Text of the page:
Good grief! Franklin’s 47th!!!
It happened on a beach on July 31, 1968.
The white boy’s little sister threw his beach ball into the water. The Black boy who was swimming retrieved the ball and took it back to him. The white boy thanked the Black boy, and that was how Charlie Brown met Franklin in “Peanuts.
With that appearance, Franklin became the first Black character in Charles Schulz’s magnificent comic strip.
©  Peanuts Worldwide LLC
HAPPY 45TH FRANKLIN!
Had Charlie truly been a blockhead, when Franklin brought him his ball, he could have said something stupid like, “Good grief! I didn’t know you people could swim.” Instead, future strips show Franklin and Charlie playing ball.
Franklin was never as big a star as Linus, Lucy, Snoopy, Schroeder or Pigpen. He didn’t have a last name and wouldn’t even win a contest for best Afro among the “Peanuts” characters.
But as the first Black in the most successful comic strip of all time, Franklin is the greatest Black cartoon figure in American history. Even though it was the end of the racially charged 1960s when Schulz introduced Franklin, the cartoonist wasn’t attempting any kind of political statement, and Franklin being darker than his friends was never something commented on in the strip. Franklin’s debut and the appearance a few months later of The Jackson 5, fronted by the otherworldly talented Michael Jackson, was a wonderful representation of Black adolescents. Franklin proved to be wise and dignified and has never done anything he should have to apologize for except for the strange dance he did with the other kids in, “A Charlie Brown Christmas.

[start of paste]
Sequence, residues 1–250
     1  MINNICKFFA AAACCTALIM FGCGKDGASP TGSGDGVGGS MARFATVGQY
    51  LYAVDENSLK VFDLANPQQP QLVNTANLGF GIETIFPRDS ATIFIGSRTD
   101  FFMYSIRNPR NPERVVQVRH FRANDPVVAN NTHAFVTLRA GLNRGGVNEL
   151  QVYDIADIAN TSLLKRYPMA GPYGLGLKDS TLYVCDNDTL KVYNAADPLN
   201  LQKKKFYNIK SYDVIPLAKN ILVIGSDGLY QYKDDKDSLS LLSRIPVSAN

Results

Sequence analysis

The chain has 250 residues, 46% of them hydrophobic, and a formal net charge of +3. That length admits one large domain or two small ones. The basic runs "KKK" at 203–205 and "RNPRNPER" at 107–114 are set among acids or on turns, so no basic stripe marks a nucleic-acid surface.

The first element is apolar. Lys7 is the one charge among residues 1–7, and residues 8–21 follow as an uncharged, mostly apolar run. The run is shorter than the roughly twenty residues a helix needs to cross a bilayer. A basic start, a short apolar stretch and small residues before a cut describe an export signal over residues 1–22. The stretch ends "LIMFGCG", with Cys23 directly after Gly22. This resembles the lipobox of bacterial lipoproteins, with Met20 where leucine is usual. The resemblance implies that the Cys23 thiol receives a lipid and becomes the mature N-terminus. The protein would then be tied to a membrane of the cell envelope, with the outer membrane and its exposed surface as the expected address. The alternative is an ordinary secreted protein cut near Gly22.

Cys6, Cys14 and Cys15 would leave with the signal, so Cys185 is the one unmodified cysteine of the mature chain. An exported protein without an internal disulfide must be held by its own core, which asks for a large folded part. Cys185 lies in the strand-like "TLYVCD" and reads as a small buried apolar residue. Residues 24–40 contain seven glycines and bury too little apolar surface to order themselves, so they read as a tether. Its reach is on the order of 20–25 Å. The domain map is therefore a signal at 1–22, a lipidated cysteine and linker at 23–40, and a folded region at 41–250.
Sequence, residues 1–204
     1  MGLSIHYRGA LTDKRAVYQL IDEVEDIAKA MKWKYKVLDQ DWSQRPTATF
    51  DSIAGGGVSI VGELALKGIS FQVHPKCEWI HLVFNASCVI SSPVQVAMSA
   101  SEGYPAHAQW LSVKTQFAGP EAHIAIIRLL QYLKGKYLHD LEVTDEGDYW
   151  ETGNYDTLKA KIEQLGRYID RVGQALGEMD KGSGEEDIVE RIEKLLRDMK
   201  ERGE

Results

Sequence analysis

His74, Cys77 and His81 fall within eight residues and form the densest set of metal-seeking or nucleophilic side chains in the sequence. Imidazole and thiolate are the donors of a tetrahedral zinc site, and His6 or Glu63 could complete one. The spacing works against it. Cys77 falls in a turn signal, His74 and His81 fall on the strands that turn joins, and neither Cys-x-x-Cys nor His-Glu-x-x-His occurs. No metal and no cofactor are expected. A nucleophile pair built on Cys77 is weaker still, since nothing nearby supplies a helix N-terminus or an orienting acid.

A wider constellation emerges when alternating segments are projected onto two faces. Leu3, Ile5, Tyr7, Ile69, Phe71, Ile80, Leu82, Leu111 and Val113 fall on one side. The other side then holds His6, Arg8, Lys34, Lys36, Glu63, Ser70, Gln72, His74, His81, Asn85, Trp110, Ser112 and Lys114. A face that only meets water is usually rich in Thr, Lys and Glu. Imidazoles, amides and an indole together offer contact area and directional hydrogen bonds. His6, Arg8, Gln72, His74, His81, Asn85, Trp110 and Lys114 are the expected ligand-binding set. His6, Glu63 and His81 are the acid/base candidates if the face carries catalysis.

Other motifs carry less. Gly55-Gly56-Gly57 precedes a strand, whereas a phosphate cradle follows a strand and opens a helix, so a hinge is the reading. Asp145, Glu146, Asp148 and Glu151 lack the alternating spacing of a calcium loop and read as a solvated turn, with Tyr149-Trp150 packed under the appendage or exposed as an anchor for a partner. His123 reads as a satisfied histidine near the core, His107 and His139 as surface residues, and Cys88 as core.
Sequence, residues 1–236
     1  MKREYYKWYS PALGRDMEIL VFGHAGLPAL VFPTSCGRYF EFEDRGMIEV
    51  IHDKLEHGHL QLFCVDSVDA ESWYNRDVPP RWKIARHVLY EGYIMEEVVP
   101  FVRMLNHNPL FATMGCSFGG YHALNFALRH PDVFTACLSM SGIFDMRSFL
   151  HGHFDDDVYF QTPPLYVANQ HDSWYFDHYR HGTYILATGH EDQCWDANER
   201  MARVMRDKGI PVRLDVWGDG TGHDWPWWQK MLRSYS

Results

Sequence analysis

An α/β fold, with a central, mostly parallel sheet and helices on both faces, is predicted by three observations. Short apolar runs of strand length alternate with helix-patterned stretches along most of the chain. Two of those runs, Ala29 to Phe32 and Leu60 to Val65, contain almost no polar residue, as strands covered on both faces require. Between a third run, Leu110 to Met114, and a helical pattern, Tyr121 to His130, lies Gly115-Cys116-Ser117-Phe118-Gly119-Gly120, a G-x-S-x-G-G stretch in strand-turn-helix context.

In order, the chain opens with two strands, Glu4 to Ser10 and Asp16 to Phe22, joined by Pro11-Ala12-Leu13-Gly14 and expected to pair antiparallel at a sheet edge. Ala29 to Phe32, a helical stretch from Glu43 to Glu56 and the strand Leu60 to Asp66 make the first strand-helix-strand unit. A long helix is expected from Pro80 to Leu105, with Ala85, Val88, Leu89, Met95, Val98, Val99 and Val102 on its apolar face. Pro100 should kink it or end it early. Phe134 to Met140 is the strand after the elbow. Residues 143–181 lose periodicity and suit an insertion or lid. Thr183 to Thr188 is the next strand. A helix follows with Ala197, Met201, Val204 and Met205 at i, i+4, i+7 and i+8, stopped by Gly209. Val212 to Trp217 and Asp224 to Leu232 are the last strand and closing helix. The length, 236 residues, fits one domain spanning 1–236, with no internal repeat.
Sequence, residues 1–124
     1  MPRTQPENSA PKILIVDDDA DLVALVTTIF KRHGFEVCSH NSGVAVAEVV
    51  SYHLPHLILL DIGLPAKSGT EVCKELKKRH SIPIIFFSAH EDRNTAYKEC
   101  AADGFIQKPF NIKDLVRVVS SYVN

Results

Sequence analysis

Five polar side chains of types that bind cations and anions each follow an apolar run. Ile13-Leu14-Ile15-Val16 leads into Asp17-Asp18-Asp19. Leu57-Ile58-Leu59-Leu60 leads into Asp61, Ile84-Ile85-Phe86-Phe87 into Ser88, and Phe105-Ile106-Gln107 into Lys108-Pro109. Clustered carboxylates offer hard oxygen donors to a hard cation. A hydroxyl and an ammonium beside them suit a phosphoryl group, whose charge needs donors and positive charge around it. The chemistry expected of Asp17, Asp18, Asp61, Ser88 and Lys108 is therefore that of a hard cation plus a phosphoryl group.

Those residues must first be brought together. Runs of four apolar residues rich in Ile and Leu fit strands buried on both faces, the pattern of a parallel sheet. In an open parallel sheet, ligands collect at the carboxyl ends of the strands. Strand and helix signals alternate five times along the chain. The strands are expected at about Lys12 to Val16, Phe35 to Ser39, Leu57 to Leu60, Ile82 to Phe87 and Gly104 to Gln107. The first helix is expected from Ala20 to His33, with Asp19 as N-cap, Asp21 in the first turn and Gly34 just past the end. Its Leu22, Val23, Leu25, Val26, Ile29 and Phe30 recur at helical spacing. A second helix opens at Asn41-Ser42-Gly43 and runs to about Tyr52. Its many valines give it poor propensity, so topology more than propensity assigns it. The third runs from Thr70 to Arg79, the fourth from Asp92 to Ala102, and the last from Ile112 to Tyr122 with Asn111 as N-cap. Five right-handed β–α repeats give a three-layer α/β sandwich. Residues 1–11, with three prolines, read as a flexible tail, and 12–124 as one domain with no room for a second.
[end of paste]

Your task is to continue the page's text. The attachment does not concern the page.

Like Charlie, he’s close to his grandfather and, like Linus, he quotes the Old Testament. His father was in Vietnam and, most of all, Franklin has a good heart. Nowhere was that more evident than in a 1969 strip in which Peppermint Patty cries because of shoes she’s required to wear to school. Franklin says, “All I know is any rule that makes a little girl cry has to be a bad rule.
So here’s to a comic strip trailblazer, a thoughtful and decent lad who loves his grandfather, is loyal to his friends and never made any little girls cry.
You’re a good man, Franklin.
By CARY CLACK
Other fun facts about Franklin:
- First Black character to appear in a Peanuts comic strip – July 31, 1968
- His last name is Armstrong
- Went to school with Peppermint Patty and Marcie
- Met Charlie Brown at the beach
- Father was a soldier fighting in Vietnam
- First Black character to appear in a Peanuts cartoon special – He appeared on TV in 1973 in There’s No Time For Love Charlie Brown (3/11/73)
- He then appeared in: A Charlie Brown Thanksgiving (11/20/73); Be My Valentine Charlie Brown (1/28/75); You’re A Good Sport Charlie Brown (10/28/75); It’s Arbor Day Charlie Brown (3/16/76); It’s Your First Kiss Charlie Brown (10/24/77)
- First Voiced by Todd Barbee
The Original Production Cel and Drawing of Franklin drumming is from the 1989 TV animated series This Is America, Charlie Brown, The Music and Heroes of America. Franklin was voiced by Hakeem Abdul-Samad. This animation artwork is a part of The Museum Of UnCut Funk Collection.
Franklin ©  Peanuts Worldwide LLC